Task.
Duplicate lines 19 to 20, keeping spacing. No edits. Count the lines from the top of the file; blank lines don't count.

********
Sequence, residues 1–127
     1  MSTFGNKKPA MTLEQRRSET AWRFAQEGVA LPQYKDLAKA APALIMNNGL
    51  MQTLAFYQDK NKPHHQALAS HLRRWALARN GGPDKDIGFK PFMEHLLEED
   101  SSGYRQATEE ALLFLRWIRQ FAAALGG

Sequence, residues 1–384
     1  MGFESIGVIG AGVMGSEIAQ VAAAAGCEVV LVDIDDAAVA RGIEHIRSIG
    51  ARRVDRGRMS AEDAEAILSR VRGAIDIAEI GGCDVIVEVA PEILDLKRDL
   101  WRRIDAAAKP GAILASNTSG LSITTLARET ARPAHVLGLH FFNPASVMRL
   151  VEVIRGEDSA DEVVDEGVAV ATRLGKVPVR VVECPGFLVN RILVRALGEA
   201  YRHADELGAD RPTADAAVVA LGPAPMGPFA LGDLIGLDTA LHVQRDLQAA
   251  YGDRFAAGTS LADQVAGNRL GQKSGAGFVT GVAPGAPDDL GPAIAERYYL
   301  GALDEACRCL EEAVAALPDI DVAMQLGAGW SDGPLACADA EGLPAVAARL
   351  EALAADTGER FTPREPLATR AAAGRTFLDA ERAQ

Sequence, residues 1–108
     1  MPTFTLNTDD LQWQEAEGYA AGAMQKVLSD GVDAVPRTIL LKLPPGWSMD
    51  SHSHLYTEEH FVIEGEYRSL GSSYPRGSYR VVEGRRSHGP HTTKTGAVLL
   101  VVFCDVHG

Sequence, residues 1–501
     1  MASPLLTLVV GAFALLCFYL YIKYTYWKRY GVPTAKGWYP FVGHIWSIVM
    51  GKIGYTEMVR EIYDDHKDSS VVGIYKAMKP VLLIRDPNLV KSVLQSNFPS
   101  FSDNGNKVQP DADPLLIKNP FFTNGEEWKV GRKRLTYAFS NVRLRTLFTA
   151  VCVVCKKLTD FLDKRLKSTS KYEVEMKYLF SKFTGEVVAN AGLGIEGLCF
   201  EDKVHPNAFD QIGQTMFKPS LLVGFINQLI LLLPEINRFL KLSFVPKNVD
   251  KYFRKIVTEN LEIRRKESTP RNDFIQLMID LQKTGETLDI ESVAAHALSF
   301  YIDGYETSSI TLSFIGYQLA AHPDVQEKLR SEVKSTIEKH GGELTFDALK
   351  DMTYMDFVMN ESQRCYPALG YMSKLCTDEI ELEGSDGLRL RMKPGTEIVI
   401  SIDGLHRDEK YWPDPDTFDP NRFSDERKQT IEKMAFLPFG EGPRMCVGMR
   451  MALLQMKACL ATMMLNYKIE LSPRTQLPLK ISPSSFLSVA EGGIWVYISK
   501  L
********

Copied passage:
     1  MASPLLTLVV GAFALLCFYL YIKYTYWKRY GVPTAKGWYP FVGHIWSIVM
    51  GKIGYTEMVR EIYDDHKDSS VVGIYKAMKP VLLIRDPNLV KSVLQSNFPS